BDTM - Business Driven Test Management

In TMAP NEXT the Business Driven Test Management (BDTM) approach for test managers in V-model based projects was described. 
For test managers that work in such a sequential IT delivery model this approach may still be very valuable.

This approach promotes communication between the IT delivery team and the client in the language of the client (related to goals and risks).
By focusing on the four BDTM aspects (Result, Risk, Time and Cost) testing gets a business focus.
The advantages of this approach are:

  • The test process is transparent to the client and the client can control the test process on the basis of the four BDTM aspects.
  • The test manager communicates and reports using the terminology of the client, with information that makes sense in the client’s context.
  • The master test plan can be as detailed as desired or possible; this influences the amount of effort that is required to organize and perform the testing.

The final goal of testing is to supply information about quality and the related risks to the client. Since it is impossible to test everything, an adequate assessment can only be achieved by dividing the test effort (time and cost) as adequately as possible over the parts and characteristics of the test object. The figure below shows the 6 steps of BDTM.



Step 1: Establishing an assignment and collecting test goals
The client formulates the assignment, taking account of the four BDTM aspects: result, risk, time and cost.
Establishing the test goals aims to determine what, in the eyes of the client, are the desired results of the testing activities. A test goal is a success criterion for the test assignment specified in the client's language. The result of this step is the formulation of the assignment and a test goal table.

Step 2: Determining the risk class 
Based on a product risk analysis, it is established what must be tested (object parts) and what must be examined (characteristics). The risk class related to the test goals and the relevant characteristic is established for each object part. If multiple test levels are involved, the test levels that must be set up are determined in a plan that covers all test levels (the Master Test Plan).The test strategy also defines, for each combination of a characteristic / object part, an indication of the relative intensity of testing in a specific test level.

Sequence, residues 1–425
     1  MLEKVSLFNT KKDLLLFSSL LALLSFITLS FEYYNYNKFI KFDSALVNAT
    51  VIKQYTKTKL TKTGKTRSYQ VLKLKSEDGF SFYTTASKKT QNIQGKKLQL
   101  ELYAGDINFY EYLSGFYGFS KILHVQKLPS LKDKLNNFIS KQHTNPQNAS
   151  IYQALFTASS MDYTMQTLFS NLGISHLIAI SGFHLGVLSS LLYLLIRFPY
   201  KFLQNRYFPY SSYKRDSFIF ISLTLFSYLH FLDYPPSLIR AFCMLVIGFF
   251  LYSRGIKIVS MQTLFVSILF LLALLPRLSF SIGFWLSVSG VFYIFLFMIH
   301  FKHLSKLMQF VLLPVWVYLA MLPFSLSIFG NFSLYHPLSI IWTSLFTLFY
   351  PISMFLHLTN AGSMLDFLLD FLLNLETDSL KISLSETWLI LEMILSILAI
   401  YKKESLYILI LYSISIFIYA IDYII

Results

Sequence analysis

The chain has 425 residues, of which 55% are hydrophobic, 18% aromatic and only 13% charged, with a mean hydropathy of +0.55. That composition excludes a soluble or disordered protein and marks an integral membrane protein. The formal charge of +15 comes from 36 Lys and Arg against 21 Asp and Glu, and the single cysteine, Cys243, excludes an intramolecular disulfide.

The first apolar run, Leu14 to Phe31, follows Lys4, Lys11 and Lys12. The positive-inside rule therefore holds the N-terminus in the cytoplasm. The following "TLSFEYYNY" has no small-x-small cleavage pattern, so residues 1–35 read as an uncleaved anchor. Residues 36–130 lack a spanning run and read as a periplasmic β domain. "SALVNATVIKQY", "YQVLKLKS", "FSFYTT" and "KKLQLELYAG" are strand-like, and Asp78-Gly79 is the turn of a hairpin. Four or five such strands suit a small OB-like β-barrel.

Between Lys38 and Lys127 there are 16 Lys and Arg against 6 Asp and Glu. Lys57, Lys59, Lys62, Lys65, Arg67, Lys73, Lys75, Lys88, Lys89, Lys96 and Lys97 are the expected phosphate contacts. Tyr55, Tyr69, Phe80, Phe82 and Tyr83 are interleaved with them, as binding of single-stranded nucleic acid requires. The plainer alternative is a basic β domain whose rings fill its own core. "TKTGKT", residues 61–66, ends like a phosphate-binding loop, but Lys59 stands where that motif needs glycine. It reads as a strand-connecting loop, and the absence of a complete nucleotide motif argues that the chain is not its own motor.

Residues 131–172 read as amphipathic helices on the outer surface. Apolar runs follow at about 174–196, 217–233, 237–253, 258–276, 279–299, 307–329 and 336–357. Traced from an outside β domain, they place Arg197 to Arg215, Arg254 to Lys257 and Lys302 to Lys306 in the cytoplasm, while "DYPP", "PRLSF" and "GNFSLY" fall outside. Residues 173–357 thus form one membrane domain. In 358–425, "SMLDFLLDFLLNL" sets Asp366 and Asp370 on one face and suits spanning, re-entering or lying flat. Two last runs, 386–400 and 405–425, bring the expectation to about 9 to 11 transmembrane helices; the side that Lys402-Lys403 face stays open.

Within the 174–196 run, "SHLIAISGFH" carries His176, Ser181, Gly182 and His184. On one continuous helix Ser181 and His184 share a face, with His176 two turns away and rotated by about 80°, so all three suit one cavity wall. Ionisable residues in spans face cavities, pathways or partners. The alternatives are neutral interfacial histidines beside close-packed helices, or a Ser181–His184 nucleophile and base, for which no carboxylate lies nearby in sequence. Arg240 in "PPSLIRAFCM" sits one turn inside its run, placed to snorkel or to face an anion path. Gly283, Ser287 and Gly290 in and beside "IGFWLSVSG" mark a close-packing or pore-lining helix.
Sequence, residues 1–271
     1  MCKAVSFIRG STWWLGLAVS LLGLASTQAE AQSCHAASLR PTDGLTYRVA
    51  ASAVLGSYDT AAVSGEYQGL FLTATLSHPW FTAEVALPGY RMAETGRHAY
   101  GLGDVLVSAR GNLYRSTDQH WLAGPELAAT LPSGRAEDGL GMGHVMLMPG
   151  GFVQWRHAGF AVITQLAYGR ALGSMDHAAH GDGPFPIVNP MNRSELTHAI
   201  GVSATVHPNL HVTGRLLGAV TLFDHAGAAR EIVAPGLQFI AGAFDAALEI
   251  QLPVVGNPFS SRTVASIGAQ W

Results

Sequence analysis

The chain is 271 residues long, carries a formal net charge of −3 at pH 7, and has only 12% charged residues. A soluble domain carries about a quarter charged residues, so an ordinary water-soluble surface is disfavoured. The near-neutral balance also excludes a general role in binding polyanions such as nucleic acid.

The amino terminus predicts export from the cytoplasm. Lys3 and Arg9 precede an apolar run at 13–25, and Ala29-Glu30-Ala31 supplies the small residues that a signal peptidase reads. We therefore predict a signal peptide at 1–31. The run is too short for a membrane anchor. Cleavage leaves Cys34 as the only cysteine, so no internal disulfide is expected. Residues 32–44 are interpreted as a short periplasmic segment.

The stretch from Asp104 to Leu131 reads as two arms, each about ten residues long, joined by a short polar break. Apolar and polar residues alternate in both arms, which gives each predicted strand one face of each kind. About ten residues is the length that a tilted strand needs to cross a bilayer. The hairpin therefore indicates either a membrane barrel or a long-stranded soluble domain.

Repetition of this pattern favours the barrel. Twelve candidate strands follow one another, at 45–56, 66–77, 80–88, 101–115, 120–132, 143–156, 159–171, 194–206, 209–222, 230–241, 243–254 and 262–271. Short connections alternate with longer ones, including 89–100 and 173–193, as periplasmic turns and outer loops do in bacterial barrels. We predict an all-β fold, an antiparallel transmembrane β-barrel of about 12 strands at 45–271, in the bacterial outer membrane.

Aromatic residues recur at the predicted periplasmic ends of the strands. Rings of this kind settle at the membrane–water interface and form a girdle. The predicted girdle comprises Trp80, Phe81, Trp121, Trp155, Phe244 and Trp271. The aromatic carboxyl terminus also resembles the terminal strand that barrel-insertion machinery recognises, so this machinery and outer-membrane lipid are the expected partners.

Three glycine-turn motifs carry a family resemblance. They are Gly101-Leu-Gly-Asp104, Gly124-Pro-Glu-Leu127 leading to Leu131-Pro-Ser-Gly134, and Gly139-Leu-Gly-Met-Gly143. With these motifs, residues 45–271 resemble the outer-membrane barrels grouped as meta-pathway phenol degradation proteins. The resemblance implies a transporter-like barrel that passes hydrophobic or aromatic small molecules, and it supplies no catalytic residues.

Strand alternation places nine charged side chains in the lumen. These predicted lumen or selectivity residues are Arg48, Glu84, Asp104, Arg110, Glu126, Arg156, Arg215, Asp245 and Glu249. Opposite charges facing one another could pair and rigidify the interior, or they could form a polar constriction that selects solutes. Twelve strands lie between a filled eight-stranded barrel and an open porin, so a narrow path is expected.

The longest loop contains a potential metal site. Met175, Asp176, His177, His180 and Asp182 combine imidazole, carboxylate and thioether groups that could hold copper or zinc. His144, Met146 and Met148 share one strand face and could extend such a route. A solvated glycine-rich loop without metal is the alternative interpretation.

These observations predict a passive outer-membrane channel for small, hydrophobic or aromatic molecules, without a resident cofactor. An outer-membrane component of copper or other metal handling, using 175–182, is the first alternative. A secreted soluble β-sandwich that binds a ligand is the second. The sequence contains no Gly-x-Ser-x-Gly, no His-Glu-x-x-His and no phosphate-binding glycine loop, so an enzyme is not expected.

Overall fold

This step results in a risk table.

The steps 3 and 4 are an iterative process.

Step 3: Determining the test intensity 
Deciding whether a combination of characteristic and object part must be tested lightly, moderately, or intensely. This is called the test intensity. The risk class for each object part as defined in the previous step is used as a starting point to determine the test intensity. The principle followed here is: the greater the risk the more intense the required testing.

Step 4: Estimation, planning and feedback 
An overall budget is established for the test, which is plotted in a planning. This is agreed with the client and other stakeholders and, depending on their views, adjusted if necessary. In the latter case, steps 3 and 4 are repeated. This gives the client emphatic control of the testing process, enabling them to manage it on the basis of the balance between result and risk versus time and cost.

End of iteration

The steps 3 and 4 result in a test strategy table.

Step 5: Allocating test design techniques 
If the client and other stakeholders agree to the budget and planning the test intensity is translated into concrete statements regarding the desired coverage. This involves allocating test design techniques to the combinations of characteristic / object part, taking account of circumstances such as the available test basis. The techniques are used to design the test cases at a later stage.
This step results in a test design table for each test level.

Step 6: Providing insight and control options 
Throughout the test process, the test manager provides the client and other stakeholders with adequate insight into and control options for the IT Governance aspects:

  • Result: (the test goals achieved)
  • Risk: (the risks covered)
  • Time: whether the end date- or deadline - is realized) 
  • Cost: (whether the test project remains within the agreed budget)